Are you going to use the army to fight drug traffickers, as President Felipe Calderon has done in Mexico?
The situation in Guatemala is different. This a country used for transferring and storing drugs. In order to take back control of the corridors that the drug traffickers use, we need to use special army units like the "kaibiles' an elite unit and the parachutists. And we should fight organized crime by applying laws that permit the use of such things as infiltrating agents and tapping telephones.

Weren't the Zetas Mexican drug cartel trained by the kaibiles?
Some former kaibiles were recruited by the Zetas, who offered them a good salary. But the kaibile unit itself hasn't been contaminated by the traffickers. We're talking about an elite unit that has participated in peacekeeping missions all over the world.

If you win the presidency, will the courts continue to pursue cases already begun against military personnel accused of violations during the civil war?
We will respect the independence of the state powers. If the judiciary pursues these cases, we will not intervene. We'll let them advance in the courts.

Why haven't you made public the sources of your campaign funding? According to civil society groups, you have gone way past the legal spending limits?
First of all, we've said we will mount a frontal attack on the traffickers, so the Partido Patriota (Otto Pérez" Patriot Party) hasn't received any money from the drug gangs. We've asked our contributors to reveal their identities publicly, but they haven't wanted to. Not many have given us permission to reveal their identities. We must respect their privacy since they're afraid of being victims of extortion, kidnapping or entrapment by tax authorities The problem of financing political parties is something that should be discussed by the Guatemalan society as a whole.

What are your priorities as far as the region is concerned?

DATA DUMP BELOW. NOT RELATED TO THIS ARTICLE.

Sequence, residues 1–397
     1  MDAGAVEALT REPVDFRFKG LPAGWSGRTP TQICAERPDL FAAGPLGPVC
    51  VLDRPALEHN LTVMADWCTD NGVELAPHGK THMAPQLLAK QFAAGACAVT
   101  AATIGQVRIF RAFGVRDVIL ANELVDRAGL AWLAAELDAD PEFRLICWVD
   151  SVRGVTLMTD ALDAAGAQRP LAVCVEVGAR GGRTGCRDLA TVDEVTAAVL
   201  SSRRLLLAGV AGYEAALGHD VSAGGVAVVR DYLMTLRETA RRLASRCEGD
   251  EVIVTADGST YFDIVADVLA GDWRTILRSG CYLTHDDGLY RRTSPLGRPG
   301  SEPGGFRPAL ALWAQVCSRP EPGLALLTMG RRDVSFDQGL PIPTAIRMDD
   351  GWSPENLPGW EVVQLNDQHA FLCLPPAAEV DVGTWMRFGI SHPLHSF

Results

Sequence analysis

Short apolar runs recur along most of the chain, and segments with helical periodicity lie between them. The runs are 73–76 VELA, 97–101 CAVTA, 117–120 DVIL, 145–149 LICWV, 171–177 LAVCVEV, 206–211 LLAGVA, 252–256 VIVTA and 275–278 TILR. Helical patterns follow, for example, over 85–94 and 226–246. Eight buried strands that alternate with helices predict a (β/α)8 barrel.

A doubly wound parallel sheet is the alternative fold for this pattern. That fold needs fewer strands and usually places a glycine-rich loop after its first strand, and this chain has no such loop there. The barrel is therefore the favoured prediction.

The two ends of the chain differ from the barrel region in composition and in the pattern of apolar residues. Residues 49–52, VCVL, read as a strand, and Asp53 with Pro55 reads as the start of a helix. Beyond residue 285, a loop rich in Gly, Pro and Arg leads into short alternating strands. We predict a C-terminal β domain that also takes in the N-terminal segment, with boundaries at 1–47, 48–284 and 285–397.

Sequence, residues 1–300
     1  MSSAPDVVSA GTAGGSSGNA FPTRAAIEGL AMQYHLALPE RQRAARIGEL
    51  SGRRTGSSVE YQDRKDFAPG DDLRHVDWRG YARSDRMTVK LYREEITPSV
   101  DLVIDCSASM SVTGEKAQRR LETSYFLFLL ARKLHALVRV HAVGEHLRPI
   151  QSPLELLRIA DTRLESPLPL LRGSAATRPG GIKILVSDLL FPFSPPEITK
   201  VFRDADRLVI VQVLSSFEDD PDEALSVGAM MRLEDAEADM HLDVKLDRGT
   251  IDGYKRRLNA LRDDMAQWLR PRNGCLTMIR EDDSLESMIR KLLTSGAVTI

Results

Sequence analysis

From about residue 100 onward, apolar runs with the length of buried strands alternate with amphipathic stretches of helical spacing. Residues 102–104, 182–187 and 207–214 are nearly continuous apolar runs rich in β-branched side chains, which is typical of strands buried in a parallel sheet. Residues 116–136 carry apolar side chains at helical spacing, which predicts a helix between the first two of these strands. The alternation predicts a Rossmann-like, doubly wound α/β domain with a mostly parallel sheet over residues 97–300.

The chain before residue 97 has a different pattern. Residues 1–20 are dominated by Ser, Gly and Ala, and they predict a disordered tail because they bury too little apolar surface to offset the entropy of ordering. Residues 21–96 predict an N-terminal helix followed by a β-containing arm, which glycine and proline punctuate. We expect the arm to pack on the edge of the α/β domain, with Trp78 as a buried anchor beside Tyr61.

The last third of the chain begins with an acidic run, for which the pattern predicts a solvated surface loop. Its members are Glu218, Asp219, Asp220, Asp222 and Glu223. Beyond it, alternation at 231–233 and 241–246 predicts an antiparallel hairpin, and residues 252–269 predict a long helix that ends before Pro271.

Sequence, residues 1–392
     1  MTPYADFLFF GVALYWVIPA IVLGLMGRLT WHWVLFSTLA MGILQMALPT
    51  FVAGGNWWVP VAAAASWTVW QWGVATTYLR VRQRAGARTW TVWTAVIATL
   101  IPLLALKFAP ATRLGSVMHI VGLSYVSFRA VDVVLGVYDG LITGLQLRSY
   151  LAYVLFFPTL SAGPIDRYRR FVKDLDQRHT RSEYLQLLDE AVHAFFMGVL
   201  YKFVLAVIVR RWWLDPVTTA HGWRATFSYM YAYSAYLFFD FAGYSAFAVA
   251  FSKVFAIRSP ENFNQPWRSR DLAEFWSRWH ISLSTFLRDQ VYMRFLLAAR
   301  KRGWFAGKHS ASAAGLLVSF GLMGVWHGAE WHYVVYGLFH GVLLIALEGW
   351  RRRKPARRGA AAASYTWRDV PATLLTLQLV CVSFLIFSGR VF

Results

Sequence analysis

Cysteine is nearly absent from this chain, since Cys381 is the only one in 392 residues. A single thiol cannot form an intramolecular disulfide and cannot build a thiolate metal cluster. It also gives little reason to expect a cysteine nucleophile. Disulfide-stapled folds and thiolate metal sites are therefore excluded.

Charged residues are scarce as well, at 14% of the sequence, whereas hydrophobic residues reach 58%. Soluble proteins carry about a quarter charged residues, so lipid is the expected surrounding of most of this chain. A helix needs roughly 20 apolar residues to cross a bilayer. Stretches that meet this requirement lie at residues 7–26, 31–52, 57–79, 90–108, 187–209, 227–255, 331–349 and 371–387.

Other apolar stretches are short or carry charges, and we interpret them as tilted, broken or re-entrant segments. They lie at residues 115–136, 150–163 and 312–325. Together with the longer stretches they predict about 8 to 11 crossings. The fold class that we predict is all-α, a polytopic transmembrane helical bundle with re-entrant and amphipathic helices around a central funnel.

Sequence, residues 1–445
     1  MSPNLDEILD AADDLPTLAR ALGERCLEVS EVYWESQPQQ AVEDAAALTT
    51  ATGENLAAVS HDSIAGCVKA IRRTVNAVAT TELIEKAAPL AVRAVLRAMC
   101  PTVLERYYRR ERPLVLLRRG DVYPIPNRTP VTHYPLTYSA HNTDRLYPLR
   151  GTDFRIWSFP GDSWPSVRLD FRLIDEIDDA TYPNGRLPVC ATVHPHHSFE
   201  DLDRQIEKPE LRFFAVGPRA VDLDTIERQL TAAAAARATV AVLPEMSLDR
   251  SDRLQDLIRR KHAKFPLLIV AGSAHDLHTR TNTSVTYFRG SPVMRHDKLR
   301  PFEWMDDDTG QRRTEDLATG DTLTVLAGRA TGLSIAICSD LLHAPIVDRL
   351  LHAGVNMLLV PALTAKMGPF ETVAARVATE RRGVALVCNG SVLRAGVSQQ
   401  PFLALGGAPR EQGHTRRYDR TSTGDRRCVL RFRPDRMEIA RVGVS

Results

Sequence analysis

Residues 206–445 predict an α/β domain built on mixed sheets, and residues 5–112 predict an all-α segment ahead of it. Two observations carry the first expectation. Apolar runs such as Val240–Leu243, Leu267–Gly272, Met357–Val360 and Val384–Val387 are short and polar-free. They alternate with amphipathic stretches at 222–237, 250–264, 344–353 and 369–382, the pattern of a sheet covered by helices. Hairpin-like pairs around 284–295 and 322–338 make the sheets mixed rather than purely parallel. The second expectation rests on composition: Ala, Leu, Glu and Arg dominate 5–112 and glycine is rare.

With the United States, we would like to develop a partnership in order to mount a frontal attack against the drug traffickers, as well as protect the rights of Guatemalans living in the United States. The same goes for Mexico, where Guatemalan migrants are kidnapped, extorted and sometimes murdered. Just like there are international criminal courts, we could create a regional court to try drug traffic-related crimes.

Read the original interview in French

Photo- Surizar

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Fading Flavor: Production Of Saffron Declines Sharply

Saffron is well-known for its flavor and its expense. But in Kashmir, one of the flew places it grows, cultivation has fallen dramatically thanks for climate change, industry, and farming methods.

Photo of women harvesting saffron in Kashmir

Harvesting of Saffron in Kashmir

Mubashir Naik

In northern India along the bustling Jammu-Srinagar national highway near Pampore — known as the saffron town of Kashmir —people are busy picking up saffron flowers to fill their wicker baskets.

During the autumn season, this is a common sight in the Valley as saffron harvesting is celebrated like a festival in Kashmir. The crop is harvested once a year from October 21 to mid-November.